The feeling in the room was that with honest dialogue and some radical changes in advertising everything will return from distortion to normal again. I would love to believe that this would be true. Patients see practitioners as people who can ‘fix’ them through scalpel or the syringe and anything less is just plain withholding. Patients do not expect either scalpel or syringe from counsellors. It is that distinction that makes the difference in delivering the message.
Patients need to be well-informed. A consultation with the practitioner should focus on what is going to happen to them physically. This is what they are experts in. Counsellors focus on the mind. The need is there because life-changing alterations to the face or body are emotional. Practitioners attempting to hold a psychological conversation with a patient while also explaining the physical side of the procedure are just overwhelming patients in too many cases. Too much information!
From my perspective, the duality between surgical and non-surgical is less relevant for emotional support. This technical division is important to assist important technical practicalities. This division may lead us to the assumption that non-surgical is less dangerous from the emotional support perspective. This is not necessarily the case. A patient looking for a quick injectable treatment may harbour more psychological problems than someone turning up for multiple procedure surgery.
Many surgeons have said to me: ‘we need someone on site who can be there when we need them to talk to the patient’. Counselling just does not work this way. This is why so many clinics hire ‘patient advisors’ who are to hand when needed but this is nothing like counselling. It is another distortion.
Patients gain no benefit in rushing from a detailed conversation about the physical to the emotional. Patients need time to digest thoughts and feelings. Most psychotherapists favour comfy surroundings rather than a clinical environment to practice in. Cosmeticsupport offers online help as well as phone help and various other options. The object is not to dilute the therapy but to make it as comfortable for the patient as it can be. Counselling is not supposed to give pain - it is supposed to take it away. What better way is there than in the comfort of your own home or in a therapists warm cozy environment to share your secrets? The recognition of the need for options is an important part of our service. The option to choose how you see a counsellor and when you see a counsellor as an integrative holistic part of an elective private cosmetic procedure must surely be gaining currency.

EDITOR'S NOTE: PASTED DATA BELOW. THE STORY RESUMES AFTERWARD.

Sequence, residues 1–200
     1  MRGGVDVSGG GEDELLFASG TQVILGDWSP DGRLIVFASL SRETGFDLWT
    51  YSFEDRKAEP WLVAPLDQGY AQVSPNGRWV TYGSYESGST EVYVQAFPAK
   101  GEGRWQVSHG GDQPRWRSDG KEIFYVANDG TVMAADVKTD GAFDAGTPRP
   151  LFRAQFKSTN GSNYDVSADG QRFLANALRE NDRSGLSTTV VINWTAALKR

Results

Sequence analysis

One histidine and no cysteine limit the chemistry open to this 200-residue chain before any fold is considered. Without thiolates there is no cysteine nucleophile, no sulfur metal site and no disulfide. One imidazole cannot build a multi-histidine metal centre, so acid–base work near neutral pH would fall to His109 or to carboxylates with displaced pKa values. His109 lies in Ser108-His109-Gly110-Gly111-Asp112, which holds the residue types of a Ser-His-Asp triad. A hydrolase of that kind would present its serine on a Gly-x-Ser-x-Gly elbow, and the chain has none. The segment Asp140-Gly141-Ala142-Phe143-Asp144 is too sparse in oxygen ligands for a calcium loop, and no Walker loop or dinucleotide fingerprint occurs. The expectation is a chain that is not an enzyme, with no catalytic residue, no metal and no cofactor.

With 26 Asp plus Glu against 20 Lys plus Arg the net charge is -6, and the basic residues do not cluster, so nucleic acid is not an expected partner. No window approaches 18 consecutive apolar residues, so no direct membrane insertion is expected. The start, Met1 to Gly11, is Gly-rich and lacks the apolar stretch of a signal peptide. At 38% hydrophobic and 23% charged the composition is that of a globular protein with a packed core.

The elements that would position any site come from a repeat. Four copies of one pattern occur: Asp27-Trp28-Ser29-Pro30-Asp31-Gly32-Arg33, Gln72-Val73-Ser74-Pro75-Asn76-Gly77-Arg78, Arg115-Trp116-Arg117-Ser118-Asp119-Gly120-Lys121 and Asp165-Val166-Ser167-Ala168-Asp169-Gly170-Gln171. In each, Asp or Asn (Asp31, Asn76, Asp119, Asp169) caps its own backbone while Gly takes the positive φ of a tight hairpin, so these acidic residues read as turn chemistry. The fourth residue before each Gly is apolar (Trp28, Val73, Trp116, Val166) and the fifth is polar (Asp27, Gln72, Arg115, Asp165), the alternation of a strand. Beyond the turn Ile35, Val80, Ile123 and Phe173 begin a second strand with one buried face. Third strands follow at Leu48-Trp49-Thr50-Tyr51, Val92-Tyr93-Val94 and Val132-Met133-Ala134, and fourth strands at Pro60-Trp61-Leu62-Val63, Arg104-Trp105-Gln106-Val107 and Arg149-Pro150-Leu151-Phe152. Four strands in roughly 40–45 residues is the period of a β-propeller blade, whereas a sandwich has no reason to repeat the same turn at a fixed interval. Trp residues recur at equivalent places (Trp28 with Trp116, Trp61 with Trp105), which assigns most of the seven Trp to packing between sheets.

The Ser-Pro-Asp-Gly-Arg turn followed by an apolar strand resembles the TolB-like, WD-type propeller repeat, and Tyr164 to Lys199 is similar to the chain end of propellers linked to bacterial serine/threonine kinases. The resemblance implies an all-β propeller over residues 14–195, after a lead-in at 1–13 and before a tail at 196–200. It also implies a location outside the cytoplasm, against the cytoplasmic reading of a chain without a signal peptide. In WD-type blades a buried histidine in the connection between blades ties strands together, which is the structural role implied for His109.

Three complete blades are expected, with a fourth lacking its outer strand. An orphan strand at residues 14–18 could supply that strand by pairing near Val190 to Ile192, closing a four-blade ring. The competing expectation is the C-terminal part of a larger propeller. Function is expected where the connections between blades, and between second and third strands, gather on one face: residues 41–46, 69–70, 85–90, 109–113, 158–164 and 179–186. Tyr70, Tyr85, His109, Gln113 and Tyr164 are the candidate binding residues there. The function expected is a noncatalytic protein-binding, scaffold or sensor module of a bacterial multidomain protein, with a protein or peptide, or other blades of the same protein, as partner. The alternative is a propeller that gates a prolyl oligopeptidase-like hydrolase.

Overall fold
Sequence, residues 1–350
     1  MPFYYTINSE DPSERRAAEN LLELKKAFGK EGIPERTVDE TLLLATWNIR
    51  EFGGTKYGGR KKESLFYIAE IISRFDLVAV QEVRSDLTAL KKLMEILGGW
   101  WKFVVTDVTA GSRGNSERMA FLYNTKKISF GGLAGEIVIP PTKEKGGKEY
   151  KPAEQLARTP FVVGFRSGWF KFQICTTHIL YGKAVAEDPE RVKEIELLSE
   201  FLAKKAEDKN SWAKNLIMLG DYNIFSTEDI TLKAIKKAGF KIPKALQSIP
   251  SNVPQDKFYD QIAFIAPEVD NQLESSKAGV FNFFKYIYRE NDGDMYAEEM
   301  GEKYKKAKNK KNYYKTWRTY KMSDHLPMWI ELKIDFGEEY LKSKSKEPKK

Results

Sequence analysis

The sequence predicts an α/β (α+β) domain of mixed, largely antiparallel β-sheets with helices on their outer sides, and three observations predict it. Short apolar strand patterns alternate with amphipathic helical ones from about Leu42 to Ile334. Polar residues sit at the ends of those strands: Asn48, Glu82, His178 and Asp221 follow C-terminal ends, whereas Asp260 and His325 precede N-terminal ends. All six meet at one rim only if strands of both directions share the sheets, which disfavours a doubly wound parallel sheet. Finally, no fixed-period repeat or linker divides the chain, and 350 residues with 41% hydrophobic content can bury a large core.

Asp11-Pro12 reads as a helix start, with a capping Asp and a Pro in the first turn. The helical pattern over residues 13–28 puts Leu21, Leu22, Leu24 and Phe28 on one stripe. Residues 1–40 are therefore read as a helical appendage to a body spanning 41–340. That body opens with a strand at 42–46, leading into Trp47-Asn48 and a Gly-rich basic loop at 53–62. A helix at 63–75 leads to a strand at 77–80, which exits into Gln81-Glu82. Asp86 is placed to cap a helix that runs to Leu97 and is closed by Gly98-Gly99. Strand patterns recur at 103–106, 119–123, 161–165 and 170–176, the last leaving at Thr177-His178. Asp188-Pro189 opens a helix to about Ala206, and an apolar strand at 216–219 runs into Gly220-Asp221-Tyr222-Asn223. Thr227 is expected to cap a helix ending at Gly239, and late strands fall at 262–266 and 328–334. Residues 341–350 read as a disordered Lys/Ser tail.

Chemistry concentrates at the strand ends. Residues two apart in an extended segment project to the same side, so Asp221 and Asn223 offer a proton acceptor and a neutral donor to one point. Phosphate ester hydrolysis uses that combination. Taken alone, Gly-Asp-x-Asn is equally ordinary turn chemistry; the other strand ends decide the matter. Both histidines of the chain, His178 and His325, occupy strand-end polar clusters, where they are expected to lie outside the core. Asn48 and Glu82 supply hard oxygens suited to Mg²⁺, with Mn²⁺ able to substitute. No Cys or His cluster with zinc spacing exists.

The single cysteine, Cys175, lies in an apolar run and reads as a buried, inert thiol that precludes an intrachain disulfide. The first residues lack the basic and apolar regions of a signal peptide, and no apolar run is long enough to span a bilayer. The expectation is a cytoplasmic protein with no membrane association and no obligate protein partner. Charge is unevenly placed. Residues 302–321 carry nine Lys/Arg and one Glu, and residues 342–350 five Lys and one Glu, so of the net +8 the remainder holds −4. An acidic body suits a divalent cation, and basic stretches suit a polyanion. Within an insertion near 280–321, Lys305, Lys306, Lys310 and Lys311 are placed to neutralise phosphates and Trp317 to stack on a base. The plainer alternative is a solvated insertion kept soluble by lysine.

The second theme of the day was consent. I was itching to point out the close connection between support and consent at today’s conference but often feel that the industry is not yet open enough to understand counselling. The world of the practitioner is different to the world of the patient even though both patient and practitioner may often be one and the same.
They talked about patients being disappointed with results even though they sign a physical consent form. And there’s the rub. My previous blog was about emotional consent. Disappointment is not physical. It is emotional. Talking about happiness, sadness, disappointment or any one of a host of other emotions related to cosmetic procedures is a conversation about emotions. This is a conversation that should happen with a counsellor in a cool-off period with the request of a signature for emotional consent.
Surgeons, dentists and nurses are all concerned for patients when it comes to the reality of results. Too much advertising coupled with a lack of solid fact has led to distorted expectations from cosmetic interventions. Practitioners are aware of this but how many want to really challenge the source? In their enthusiasm for best practice they want to help patients understand disappointment but this is not the role of the practitioner. This is the role of the cosmetic surgery counsellor as cosmeticsupport repeatedly points out.
This is not the first time I have written about emotional consent. I wrote a blog for Consulting Room on this subject last year because it is of concern to me too. Aesthetic practitioners can be brilliant and some can create miracles with a scalpel or a syringe but that does not make them counsellors who are trained in the emotional welfare of a patient qua consumer.